A Novel Form of Chondrocyte Stress is Triggered by a COMP Mutation Causing Pseudoachondroplasia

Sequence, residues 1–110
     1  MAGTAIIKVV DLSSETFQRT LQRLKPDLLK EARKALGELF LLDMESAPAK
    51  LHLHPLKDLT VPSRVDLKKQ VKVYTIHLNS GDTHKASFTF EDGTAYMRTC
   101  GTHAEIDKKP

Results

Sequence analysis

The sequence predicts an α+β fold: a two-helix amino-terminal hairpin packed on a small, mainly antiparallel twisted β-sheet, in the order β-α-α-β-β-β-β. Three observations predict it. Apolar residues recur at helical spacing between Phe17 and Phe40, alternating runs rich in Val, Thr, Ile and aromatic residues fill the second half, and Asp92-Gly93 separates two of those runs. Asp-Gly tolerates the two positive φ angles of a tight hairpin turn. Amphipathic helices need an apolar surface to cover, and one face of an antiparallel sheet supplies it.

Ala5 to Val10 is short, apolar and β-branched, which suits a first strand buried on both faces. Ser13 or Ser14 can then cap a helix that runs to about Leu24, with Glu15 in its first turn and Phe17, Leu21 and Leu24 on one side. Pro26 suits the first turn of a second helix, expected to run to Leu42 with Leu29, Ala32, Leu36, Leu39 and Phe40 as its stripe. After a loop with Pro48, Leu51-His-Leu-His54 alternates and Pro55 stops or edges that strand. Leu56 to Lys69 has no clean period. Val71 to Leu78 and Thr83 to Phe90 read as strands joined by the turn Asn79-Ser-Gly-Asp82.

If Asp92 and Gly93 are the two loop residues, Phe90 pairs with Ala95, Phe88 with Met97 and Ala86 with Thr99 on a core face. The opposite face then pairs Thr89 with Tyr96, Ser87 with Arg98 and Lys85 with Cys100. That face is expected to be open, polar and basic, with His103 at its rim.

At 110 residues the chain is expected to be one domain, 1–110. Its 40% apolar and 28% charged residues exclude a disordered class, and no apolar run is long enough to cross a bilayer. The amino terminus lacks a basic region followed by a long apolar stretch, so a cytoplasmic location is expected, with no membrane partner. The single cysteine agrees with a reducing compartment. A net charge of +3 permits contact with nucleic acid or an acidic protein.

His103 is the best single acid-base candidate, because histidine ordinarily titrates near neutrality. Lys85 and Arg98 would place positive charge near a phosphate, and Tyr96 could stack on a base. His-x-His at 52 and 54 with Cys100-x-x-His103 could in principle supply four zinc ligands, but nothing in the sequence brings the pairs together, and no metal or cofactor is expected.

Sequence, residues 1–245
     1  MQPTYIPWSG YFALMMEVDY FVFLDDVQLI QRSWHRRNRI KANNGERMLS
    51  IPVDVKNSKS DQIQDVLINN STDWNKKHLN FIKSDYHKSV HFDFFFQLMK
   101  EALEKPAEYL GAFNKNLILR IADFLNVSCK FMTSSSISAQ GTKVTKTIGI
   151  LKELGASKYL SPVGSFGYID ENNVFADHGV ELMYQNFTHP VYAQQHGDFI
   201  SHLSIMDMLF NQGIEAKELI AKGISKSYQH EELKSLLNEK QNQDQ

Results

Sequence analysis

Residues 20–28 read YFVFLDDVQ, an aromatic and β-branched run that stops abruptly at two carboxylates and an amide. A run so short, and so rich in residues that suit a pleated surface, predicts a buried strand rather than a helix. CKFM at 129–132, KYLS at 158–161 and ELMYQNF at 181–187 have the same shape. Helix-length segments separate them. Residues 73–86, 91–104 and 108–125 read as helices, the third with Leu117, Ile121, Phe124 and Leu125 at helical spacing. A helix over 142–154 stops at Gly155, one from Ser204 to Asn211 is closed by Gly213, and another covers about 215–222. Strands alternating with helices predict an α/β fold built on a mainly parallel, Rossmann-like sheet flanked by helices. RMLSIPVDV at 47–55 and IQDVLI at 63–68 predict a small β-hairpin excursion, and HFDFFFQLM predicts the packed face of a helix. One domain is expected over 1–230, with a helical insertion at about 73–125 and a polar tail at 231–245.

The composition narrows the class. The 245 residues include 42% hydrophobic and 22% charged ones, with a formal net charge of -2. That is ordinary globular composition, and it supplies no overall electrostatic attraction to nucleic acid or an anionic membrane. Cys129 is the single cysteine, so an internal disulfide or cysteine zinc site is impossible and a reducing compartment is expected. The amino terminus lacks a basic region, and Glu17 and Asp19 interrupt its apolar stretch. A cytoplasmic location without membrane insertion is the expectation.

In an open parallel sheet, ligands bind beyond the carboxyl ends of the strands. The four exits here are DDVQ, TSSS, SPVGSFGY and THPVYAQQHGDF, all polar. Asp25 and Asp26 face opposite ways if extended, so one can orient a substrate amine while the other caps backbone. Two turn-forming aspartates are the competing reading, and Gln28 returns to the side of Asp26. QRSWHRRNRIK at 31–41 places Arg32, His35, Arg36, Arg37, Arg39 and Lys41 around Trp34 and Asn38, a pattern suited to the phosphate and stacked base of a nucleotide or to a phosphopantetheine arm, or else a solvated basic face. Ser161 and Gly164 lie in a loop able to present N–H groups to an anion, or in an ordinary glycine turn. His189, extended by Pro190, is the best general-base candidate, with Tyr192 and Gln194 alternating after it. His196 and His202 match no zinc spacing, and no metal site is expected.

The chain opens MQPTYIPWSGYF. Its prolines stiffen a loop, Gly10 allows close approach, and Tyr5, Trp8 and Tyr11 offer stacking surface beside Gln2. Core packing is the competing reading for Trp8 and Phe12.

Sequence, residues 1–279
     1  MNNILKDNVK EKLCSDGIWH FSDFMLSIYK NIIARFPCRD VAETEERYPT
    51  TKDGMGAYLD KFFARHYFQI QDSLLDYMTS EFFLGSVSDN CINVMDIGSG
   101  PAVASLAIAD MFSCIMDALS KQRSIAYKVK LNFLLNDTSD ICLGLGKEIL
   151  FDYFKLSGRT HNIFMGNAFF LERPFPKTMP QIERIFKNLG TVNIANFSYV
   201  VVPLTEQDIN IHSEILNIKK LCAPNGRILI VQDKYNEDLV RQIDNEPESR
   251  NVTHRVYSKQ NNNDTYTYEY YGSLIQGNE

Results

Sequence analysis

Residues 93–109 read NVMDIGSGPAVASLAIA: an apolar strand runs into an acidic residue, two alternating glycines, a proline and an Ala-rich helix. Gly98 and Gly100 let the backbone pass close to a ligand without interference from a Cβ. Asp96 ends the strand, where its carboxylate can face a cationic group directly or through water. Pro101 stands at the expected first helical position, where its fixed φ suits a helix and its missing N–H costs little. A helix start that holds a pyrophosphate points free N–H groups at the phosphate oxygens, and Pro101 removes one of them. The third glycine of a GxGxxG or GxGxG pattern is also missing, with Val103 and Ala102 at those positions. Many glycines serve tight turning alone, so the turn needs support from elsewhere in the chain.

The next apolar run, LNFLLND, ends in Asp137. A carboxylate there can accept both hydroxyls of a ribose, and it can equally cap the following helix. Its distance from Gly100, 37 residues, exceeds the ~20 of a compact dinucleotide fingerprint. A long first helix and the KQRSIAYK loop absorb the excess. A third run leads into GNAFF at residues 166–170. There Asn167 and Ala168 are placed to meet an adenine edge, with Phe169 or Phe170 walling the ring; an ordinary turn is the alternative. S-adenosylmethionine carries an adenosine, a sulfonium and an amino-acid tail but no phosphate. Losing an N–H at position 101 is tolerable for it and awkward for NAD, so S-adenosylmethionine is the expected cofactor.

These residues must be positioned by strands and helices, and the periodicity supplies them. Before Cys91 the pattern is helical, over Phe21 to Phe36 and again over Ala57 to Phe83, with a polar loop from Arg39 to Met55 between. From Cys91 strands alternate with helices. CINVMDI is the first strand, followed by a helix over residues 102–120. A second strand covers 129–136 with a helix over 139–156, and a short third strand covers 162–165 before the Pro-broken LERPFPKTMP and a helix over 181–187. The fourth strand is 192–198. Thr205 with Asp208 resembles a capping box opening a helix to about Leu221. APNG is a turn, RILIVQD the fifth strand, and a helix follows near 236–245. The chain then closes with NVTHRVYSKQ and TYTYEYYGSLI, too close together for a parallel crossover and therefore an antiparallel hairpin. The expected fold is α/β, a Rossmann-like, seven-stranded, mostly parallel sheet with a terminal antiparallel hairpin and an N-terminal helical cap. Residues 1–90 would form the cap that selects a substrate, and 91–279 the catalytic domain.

Pseudoachondroplasia (PSACH) is a skeletal dysplasia caused by a mutation in cartilage oligomeric matrix protein (COMP), a glycoprotein of normal cartilage matrix. PSACH chondrocytes have a distinctive phenotype with enlarged rER cisternae containing COMP, aggrecan, type IX collagen, and chaperone proteins. Ultrastructural studies suggested that this accumulation compromises cell function, hastening cell death, and consequently reducing the number of cells in the growth plate contributing to linear bone growth. Using the alginate bead system, we cultured control and PSACH chondrocytes for twenty weeks and one year to determine the effect of the mutation on size and number of cartilage nodules; and the presence of apoptotic cell death (TUNEL assay). At 20 weeks, beads containing PSACH or control chondrocytes did not differ in size and number of cartilage nodules or number of TUNEL-positive cells. After one year, nodule number, size and percent cartilage per bead were significantly less in PSACH nodules, and the number of cells staining positive for apoptosis was significantly greater than in controls (71.8% vs. 44.6%). The increase in apoptosis in PSACH nodules correlates with a decrease in growth of cartilage, supporting our hypothesis that death of damaged cells contributes to the growth plate defects in PSACH.